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UNIX in a Nutshell: System V Edition

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18. The Source Code Control System

This chapter presents the following topics:

  • Introduction

  • Overview of commands

  • Basic operation

  • Identification keywords

  • Data keywords

  • Alphabetical summary of commands

  • sccs and pseudo-commands

Note: SCCS users who are more familiar with RCS may benefit from the "Conversion Guide for SCCS Users" in Chapter 19, The Revision Control System , which lists SCCS commands and their RCS equivalents.

For more information, see Applying RCS and SCCS , listed in the Bibliography.

18.1 Introduction

The Source Code Control System (SCCS) lets you keep track of each revision of a document, avoiding the confusion that often arises from having several versions of one file online. SCCS is particularly useful when programs are enhanced, but the original version is still needed.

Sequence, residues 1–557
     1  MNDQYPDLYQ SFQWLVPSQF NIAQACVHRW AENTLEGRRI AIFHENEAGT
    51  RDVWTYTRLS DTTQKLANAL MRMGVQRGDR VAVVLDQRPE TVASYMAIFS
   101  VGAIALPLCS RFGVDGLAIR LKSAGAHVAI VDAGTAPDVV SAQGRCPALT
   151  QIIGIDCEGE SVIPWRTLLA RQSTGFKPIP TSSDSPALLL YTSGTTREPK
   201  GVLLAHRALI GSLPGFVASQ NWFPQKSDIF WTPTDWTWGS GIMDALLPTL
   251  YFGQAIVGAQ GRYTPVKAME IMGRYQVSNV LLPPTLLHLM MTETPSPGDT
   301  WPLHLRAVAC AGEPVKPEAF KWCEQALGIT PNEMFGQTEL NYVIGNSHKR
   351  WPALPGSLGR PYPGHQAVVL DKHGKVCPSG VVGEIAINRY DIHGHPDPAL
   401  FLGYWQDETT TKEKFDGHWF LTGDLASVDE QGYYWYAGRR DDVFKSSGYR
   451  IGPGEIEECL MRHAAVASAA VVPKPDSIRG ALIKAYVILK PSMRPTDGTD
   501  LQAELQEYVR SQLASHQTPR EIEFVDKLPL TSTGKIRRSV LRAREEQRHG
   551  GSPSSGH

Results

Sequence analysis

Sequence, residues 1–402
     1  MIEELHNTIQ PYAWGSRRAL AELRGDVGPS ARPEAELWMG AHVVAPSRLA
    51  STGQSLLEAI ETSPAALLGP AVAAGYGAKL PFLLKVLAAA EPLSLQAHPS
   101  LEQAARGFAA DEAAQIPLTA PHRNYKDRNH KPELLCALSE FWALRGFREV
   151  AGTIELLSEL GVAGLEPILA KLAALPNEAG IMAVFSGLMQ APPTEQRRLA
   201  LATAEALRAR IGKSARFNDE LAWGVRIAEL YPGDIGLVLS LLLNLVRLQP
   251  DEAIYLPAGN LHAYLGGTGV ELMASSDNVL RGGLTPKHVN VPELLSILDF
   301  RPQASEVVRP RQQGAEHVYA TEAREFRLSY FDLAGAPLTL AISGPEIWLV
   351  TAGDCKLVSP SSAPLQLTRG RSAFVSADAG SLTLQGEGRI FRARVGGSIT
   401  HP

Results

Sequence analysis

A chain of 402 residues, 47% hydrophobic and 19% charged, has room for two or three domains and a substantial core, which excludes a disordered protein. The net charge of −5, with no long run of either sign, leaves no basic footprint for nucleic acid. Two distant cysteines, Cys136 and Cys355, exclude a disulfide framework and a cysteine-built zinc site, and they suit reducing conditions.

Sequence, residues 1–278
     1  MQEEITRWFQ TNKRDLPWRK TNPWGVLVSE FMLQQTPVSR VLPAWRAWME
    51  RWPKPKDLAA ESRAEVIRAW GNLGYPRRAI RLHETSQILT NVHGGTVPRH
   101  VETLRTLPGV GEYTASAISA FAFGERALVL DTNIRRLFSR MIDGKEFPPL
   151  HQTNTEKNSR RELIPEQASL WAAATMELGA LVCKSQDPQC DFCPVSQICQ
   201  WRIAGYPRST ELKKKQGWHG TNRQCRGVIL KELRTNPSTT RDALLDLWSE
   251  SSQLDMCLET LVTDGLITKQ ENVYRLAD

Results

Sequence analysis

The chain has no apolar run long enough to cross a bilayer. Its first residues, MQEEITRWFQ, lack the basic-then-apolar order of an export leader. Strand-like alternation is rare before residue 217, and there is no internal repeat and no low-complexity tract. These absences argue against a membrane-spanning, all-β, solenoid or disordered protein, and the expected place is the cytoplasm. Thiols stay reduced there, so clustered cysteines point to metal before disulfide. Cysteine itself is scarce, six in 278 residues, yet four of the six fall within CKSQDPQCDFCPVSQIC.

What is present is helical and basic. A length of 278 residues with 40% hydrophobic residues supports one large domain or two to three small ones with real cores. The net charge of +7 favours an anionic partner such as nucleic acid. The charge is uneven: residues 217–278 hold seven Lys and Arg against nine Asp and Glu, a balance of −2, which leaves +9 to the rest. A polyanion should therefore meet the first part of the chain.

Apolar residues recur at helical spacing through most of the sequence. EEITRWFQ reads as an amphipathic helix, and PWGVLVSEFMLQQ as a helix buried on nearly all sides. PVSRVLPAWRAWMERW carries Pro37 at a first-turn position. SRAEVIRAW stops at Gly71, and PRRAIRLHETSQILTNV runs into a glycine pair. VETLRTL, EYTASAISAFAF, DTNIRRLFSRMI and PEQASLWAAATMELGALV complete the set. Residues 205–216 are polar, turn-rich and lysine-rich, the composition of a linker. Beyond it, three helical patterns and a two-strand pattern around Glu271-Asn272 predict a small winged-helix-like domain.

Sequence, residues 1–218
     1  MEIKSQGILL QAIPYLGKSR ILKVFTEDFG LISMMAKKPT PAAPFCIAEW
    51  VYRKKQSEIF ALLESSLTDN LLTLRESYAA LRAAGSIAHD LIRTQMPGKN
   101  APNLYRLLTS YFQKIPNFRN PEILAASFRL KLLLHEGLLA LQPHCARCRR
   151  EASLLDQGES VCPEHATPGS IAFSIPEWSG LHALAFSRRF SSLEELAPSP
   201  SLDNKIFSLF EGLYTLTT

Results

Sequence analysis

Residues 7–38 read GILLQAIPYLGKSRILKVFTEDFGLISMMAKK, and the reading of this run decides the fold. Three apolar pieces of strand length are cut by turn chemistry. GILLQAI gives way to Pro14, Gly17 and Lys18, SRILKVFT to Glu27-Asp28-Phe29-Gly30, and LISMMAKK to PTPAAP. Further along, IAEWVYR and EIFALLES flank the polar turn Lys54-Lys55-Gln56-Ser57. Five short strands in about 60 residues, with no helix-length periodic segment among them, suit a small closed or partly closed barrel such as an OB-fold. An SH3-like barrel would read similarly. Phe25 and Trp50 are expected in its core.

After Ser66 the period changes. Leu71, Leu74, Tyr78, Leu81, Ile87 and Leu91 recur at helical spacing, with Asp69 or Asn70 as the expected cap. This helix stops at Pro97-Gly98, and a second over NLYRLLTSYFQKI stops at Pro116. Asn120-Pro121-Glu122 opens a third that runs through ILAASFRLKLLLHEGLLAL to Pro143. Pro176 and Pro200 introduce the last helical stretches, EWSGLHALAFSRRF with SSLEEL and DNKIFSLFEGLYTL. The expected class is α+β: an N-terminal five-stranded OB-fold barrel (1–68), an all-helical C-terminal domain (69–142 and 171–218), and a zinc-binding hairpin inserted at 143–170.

All changes to a file are stored in a file named s. file , which is called an SCCS file. Each time a file is "entered" into SCCS, SCCS notes which lines have been changed or deleted since the most recent version. From that information, SCCS can regenerate the file on demand. Each set of changes depends on all previous sets of changes.

Each set of changes is called a delta and is assigned an S CCS id entification string (sid ). The sid consists of either two components: release and level numbers (in the form a . b ) or of four components: the release, level, branch, and sequence numbers (in the form a . b . c . d ). The branches and sequences are for situations when two on-running versions of the same file are recorded in SCCS. For example, delta refers to release 3, level 2, branch 1, sequence 1.

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